Read the other installments in the “Sharpen This” series via this link.
After years of working with professional and amateur woodworkers all over the world I have concluded that people who are hostile to handwork tend to badmouth it for a simple reason: They cannot really and truly sharpen.
They might be able to rub a chisel on a rock so their chisels can chop out wood left behind by a router or saw, but beyond that, they are lost.
Think about it: What if your table saw tried to kill you every time you turned it on? (Oh, wait, that’s what it really does do.) OK, imagine if your table saw’s blade had only two teeth on it. You’d hate that saw. You’d tell your students to avoid it. You’d say it was no way to make furniture.
Fixing this ornery saw takes about five minutes, tops: Remove the old blade and replace it with a sharp one. The same goes for a dull chisel or plane blade. Five minutes on the stones (or strop, if you are so inclined) and you are back to perfect.
But if you are unwilling to take a half-hour lesson and perform a few practice sessions to learn to sharpen, then you are going to be forever left with tools that are frustrating, slow, damaging to the wood and awkward.
And that is – I think – the source of hostility to handwork. It’s not that these naysayers think their machines are so fantastic. It’s that they are unwilling to admit they cannot sharpen at a high level.
This is not a supposition. I’ve concluded this after looking at a lot of people’s edges and comparing it to their work and what they say. (The only outliers to my observation are the few people who really can sharpen, but their public personas are based on bashing handwork – yes, these people exist.)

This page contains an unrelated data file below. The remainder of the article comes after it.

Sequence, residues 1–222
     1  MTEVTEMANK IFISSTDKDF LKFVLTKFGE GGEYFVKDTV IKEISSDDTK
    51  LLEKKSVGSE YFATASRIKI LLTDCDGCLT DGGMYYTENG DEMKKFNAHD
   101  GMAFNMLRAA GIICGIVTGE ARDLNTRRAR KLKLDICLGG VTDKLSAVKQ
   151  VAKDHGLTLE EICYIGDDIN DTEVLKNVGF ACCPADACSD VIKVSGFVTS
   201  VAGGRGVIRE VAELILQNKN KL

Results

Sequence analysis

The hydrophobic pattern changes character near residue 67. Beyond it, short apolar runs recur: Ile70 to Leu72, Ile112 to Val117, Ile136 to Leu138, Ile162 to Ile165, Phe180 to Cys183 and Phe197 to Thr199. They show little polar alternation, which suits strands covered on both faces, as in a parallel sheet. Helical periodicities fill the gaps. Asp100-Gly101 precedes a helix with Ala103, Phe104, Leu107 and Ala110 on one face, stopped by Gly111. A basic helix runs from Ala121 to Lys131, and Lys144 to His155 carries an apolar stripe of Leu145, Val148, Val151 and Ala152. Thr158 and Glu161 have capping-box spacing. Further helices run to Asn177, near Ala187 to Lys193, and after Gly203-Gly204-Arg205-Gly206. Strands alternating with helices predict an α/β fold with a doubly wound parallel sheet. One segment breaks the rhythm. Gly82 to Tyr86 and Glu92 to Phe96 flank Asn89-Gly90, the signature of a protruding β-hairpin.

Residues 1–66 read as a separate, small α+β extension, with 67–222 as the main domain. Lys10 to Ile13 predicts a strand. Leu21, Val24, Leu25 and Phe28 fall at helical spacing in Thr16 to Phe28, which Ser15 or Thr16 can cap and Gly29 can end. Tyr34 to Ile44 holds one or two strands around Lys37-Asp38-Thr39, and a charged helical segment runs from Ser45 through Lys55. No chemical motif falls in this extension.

I say all this because today marks a turning point on this blog. Until today, I avoided writing much about sharpening because it is a sticky wicket. There is more misinformation floating around about sharpening than any other woodworking topic (the topic of finishing is a close second).
I have started a new category on this blog: Sharpen This. Articles in this category will show you how I sharpen every tool in my chest: planes, chisels, scrapers, travishers, scorps, moulding planes, awls, spade bits, screwdrivers and so forth. I’ll also attempt to disarm the consumerist economy that has sprung up to capitalize on our craft’s fear of this simple process.
You don’t need a lot of equipment to sharpen. All the systems work. The trick is to pick one system (what I call “sharpening monogamy”) and practice.
And if you are willing to humble yourself before a teacher, admit you cannot sharpen and take a lesson, you can get fixed up with everything you need to know in less than half an hour. (Pro tip: Attend a Lie-Nielsen Hand Tool Event and they will gladly give you a complete and free lesson.)
But if you won’t do this and you continue bash handwork, then I have only two words (and an obscene gesture) for you: Sharpen this.
— Christopher Schwarz